Wall Street Journal: Malaysia Charges Goldman Sachs

The Malaysia Development Berhad, known as 1MDB, was set up by Malaysia’s former prime minister in 2009 to improve the country through strategic investing. Reports soon emerged of missing finance payments and funds diverted into personal accounts. “Goldman arranged $6.5 billion in bonds for 1MDB in 2012 and 2013, of which $2.7 billion was allegedly stolen,” reports Tom Wright for the Wall Street Journal. “The bank made $600 million in profits. The 1MDB fund is now the center of global investigations led by the U.S. Justice Department and including authorities in Malaysia, Singapore, Switzerland and Luxembourg.” Malaysia, now under a new prime minister, has filed criminal charges against units and a former partner of Goldman Sachs, a major US investment bank, suggesting that 2012 and 2013 offering documents for international bonds included false information. Others charged in the scandal may be in China. – YaleGlobal

Wall Street Journal: Malaysia Charges Goldman Sachs

Malaysia files criminal charges against US investment bank Goldman Sachs units and former partner, alleging misappropriation of $2.7 billion from 1MDB
Tom Wright
Tuesday, December 18, 2018

The Wall Street Journal: Malaysian authorities on Monday filed criminal charges against Goldman Sachs Group Inc. units and a former partner of the bank in connection with the 1MDB financial scandal, the country’s attorney general said. Goldman Sachs International and two Asian subsidiaries of the Wall Street bank were charged under securities laws for the omission of material information and publishing of untrue statements in offering documents in 2012 and 2013 for the sale of international bonds by state investment fund 1Malaysia Development Bhd., or 1MDB. “We believe these charges are misdirected, will vigorously defend them and look forward to the opportunity to present our case. The firm continues to cooperate with all authorities investigating these matters,” Goldman said.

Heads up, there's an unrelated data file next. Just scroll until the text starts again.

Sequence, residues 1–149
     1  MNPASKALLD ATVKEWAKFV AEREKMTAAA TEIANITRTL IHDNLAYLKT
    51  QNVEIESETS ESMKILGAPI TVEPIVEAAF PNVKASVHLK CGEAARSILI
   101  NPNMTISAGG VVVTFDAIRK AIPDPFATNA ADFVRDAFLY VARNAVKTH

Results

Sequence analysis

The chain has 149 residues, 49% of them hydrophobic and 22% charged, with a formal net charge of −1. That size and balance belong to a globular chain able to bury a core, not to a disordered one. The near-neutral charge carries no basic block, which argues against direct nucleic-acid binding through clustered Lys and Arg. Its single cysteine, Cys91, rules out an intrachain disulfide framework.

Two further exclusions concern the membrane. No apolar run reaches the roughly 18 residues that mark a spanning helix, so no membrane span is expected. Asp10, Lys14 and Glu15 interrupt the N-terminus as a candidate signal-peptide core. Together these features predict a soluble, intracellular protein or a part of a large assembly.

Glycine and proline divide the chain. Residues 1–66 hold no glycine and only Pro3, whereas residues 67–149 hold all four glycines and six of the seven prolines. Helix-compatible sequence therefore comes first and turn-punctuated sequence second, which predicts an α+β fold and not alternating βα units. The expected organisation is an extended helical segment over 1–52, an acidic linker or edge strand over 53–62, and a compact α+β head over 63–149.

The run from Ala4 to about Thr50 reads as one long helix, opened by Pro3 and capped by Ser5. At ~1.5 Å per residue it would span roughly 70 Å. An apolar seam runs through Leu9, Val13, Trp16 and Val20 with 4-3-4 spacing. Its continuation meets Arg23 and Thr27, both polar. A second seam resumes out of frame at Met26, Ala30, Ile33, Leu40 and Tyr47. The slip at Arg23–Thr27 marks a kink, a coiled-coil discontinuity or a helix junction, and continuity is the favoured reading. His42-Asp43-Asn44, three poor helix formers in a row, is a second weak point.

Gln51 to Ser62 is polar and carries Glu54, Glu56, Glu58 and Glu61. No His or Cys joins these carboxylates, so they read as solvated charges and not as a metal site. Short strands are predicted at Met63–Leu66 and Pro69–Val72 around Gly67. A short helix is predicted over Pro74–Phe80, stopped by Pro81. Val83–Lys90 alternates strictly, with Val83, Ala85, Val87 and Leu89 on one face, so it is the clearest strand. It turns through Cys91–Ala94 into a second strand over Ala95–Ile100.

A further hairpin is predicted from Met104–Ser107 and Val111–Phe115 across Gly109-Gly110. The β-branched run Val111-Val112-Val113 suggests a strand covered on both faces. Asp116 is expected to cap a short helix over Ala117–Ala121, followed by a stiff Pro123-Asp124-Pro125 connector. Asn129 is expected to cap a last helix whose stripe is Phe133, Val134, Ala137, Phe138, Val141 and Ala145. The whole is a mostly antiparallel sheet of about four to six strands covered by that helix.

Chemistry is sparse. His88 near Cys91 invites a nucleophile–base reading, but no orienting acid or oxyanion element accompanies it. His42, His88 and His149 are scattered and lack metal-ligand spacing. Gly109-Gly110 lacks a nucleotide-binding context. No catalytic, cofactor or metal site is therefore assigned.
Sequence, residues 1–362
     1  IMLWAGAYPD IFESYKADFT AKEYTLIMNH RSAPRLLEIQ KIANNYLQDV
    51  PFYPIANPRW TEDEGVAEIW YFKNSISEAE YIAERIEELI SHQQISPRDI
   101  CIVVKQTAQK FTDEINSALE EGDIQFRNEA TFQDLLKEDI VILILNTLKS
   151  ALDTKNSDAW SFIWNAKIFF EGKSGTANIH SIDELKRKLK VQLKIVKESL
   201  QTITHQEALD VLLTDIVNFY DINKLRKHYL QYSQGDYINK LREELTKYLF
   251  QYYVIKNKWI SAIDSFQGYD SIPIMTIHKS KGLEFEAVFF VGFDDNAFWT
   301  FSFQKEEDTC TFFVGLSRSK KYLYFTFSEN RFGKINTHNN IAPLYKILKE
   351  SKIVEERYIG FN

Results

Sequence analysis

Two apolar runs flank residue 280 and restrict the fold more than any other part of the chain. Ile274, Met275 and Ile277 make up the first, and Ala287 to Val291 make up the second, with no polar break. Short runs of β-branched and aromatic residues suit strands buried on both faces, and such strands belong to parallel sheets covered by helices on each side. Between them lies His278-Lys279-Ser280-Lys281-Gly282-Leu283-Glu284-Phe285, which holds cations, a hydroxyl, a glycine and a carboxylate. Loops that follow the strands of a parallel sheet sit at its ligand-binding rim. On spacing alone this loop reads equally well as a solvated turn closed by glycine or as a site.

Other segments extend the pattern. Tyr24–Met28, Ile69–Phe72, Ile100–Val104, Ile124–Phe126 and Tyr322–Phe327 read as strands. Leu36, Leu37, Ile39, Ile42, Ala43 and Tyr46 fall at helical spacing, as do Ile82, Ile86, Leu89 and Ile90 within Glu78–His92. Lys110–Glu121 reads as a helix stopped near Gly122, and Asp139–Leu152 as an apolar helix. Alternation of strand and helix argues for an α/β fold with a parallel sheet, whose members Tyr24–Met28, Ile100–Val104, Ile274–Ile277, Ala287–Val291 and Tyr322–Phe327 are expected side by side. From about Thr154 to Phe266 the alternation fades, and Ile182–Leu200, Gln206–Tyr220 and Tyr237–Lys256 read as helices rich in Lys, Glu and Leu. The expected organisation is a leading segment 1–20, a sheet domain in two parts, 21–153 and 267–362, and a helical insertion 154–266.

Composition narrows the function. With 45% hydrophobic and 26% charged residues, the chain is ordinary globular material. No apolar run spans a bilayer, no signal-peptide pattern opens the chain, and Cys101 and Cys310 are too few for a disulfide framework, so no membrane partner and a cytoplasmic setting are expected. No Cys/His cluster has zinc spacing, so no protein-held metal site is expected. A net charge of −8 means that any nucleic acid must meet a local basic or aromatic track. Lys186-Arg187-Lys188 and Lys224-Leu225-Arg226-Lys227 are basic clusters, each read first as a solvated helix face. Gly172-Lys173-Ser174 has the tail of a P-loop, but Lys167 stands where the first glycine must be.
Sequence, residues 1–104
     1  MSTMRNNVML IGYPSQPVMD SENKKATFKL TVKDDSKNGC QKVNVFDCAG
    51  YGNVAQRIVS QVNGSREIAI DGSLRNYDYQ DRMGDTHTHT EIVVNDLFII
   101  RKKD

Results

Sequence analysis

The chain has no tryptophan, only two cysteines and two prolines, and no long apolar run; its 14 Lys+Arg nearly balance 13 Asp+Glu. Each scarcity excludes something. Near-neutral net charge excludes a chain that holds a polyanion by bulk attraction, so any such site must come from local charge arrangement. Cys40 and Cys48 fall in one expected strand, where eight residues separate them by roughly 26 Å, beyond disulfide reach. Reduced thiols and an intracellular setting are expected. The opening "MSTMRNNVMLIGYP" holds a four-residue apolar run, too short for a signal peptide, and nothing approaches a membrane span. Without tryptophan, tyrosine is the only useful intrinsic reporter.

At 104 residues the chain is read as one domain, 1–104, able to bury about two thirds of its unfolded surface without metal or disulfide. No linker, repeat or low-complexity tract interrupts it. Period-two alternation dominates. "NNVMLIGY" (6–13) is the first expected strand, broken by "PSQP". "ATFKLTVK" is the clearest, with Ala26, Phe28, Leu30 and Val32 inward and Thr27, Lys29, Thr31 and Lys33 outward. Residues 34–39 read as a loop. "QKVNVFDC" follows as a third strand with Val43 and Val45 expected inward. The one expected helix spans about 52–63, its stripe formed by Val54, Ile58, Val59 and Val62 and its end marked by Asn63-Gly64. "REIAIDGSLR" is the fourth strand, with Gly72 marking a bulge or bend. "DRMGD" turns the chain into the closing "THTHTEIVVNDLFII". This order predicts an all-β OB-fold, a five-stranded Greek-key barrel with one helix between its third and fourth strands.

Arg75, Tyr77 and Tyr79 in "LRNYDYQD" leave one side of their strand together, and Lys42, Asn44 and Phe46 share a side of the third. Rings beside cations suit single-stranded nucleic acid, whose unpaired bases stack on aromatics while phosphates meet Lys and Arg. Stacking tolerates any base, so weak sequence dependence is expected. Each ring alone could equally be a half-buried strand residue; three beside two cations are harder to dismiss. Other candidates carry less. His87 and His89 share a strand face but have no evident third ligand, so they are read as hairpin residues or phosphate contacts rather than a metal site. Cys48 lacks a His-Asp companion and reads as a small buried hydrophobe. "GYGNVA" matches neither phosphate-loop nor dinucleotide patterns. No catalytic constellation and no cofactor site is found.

Malaysia’s attorney general also filed charges against Tim Leissner, a former Goldman partner, under securities laws. Mr. Leissner pleaded guilty in criminal charges made public by the U.S. Justice Department in November to misappropriating 1MDB money and bribing officials in Malaysia and Abu Dhabi. His sentencing is expected early next year. Mr. Leissner wasn’t immediately available for comment.

Goldman arranged $6.5 billion in bonds for 1MDB in 2012 and 2013, of which $2.7 billion was allegedly stolen. The bank made $600 million in profits. The 1MDB fund is now the center of global investigations led by the U.S. Justice Department and including authorities in Malaysia, Singapore, Switzerland and Luxembourg.  “Malaysia considers the allegations in the charges against the accused to be grave violations of our securities laws, and to reflect their severity, prosecutors will seek criminal fines against the accused well in excess of the $2.7 billion misappropriated from the bonds proceeds and $600 million in fees received by Goldman Sachs , and custodial sentences against each of the individual accused: the maximum term of imprisonment being 10 years,” the attorney general’s statement said.

The attorney general also filed charges against Jho Low, the alleged mastermind of the 1MDB scheme, and Jasmine Loo, a former 1MDB counsel. Both already have been charged in absentia by Malaysian authorities with money laundering and other offenses. The Justice Department also indicted Mr. Low with money-laundering and other charges. The whereabouts of Mr. Low and Ms. Loo are unclear, but Malaysian authorities believe Mr. Low is living in China. Another former Goldman executive, Roger Ng, a Malaysian citizen, is in detention in Kuala Lumpur and is expected to be charged later this week. Attempts to reach Mr. Ng, who is fighting extradition to the U.S., weren’t successful.

Tom Wright is a reporter for the Wall Street Journal.

© 2018 Dow Jones & Company Inc. Reprinted with permission.

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